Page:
A 14-year-old from Pittsburgh says he’s found a way to save taxpayers hundreds of millions of dollars, and his idea started as a school science fair project.
Suvir Mirchandani was still in middle school when his science fair project showed that changing the typeface on printed documents could save a lot of ink — and, ink, it turns out, is much more expensive than paper. By following Suvir’s font style recommendation, 24% less ink would be used and $20,000 per year could be saved in a single Pennsylvania school district.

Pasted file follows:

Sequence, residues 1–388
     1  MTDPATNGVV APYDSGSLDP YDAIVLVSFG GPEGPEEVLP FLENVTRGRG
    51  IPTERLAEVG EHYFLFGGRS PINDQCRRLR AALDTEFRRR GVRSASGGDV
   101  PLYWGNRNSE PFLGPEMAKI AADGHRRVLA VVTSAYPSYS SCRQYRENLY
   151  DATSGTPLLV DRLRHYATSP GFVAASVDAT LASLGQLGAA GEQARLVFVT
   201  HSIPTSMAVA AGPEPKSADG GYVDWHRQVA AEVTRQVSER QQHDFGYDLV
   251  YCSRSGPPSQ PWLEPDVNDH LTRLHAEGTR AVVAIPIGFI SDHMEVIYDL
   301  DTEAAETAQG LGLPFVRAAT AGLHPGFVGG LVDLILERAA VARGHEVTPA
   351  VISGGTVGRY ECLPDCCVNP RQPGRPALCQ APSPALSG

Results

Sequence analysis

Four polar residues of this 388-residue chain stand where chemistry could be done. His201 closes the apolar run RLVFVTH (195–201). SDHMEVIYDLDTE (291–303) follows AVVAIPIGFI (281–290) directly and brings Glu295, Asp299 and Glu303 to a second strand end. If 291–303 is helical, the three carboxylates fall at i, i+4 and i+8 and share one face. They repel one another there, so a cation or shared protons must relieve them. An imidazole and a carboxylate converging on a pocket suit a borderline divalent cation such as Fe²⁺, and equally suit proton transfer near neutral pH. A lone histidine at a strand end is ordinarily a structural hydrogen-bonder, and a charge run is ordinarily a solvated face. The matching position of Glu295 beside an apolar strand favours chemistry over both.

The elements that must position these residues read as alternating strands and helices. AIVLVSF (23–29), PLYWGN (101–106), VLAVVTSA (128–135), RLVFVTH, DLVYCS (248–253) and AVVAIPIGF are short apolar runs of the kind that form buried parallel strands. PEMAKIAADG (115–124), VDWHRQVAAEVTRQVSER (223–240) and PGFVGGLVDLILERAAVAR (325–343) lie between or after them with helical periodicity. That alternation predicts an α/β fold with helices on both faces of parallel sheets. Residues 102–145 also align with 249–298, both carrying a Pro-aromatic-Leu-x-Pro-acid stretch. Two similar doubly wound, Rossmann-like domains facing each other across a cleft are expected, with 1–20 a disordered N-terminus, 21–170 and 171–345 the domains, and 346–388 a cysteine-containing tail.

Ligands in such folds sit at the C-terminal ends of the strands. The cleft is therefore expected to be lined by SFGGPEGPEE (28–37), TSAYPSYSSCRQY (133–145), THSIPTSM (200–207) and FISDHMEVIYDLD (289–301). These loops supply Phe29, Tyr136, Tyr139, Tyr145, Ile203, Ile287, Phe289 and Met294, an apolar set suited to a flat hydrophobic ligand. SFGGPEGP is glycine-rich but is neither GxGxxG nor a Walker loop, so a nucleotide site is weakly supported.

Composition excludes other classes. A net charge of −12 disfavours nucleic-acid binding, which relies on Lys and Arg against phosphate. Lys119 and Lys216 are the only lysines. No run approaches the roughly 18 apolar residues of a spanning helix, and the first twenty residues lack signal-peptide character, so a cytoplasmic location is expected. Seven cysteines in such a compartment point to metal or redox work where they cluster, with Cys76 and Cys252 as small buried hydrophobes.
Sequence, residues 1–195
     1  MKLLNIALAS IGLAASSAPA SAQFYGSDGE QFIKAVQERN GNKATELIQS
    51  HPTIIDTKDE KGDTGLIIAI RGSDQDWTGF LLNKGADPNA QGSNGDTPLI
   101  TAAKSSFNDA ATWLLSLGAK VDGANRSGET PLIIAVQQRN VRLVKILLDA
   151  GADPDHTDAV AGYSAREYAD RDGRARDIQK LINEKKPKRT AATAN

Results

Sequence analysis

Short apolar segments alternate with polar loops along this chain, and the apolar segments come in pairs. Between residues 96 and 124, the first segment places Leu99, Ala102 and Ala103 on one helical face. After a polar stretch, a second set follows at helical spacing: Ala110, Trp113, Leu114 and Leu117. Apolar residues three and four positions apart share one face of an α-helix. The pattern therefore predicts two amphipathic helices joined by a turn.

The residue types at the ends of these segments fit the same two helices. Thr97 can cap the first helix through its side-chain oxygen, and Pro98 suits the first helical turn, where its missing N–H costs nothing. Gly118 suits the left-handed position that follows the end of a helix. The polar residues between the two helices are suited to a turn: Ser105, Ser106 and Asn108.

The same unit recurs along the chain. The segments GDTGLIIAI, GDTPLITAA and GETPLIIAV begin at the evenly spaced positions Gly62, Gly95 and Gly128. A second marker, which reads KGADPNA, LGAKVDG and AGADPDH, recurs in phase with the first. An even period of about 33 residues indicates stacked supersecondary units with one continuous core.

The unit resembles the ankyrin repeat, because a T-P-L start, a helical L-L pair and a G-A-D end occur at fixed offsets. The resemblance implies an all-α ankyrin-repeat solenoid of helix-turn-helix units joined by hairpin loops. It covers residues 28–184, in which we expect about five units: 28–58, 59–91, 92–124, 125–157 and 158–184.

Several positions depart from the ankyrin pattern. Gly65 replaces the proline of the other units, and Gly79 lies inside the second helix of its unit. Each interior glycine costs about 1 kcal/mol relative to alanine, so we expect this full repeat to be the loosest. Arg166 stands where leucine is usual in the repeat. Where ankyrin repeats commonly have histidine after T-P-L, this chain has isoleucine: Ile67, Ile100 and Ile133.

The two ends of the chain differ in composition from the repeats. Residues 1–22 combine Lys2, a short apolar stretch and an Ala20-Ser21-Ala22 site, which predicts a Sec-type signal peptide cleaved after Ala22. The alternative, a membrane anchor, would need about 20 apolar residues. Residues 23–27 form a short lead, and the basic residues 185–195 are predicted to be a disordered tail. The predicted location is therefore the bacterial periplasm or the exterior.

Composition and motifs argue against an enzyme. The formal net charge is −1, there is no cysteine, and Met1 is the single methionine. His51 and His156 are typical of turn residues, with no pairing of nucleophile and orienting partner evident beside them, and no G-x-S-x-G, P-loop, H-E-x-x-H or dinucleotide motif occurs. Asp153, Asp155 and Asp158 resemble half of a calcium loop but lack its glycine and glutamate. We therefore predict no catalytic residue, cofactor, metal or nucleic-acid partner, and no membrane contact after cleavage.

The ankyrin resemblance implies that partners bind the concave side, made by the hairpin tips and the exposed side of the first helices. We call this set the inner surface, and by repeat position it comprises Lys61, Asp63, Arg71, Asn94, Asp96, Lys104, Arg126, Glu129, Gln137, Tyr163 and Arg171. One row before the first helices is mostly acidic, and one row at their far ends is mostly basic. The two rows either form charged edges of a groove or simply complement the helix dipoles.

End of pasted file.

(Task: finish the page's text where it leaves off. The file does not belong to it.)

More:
Editors at the Journal of Emerging Investigators which publishes scientific papers by teenagers urged Mirchandani to go further and estimate the savings for the federal government if it switched from Times New Roman to Garamond, a similar serif typeface but more sleek and streamlined.
In 2012, the General Services Administration has already estimated savings of $30 million by a switch in fonts to those that are more cost-efficient. However, the government report recommended using Times New Roman, Garamond, and Century Gothic.
The teenager’s study shows a much greater savings with Garamond and a much worse outcome for the Century Gothic choice.
(WATCH the video below or READ the story at CBS News)
LEARN More about the government’s response in CNN video at the bottom: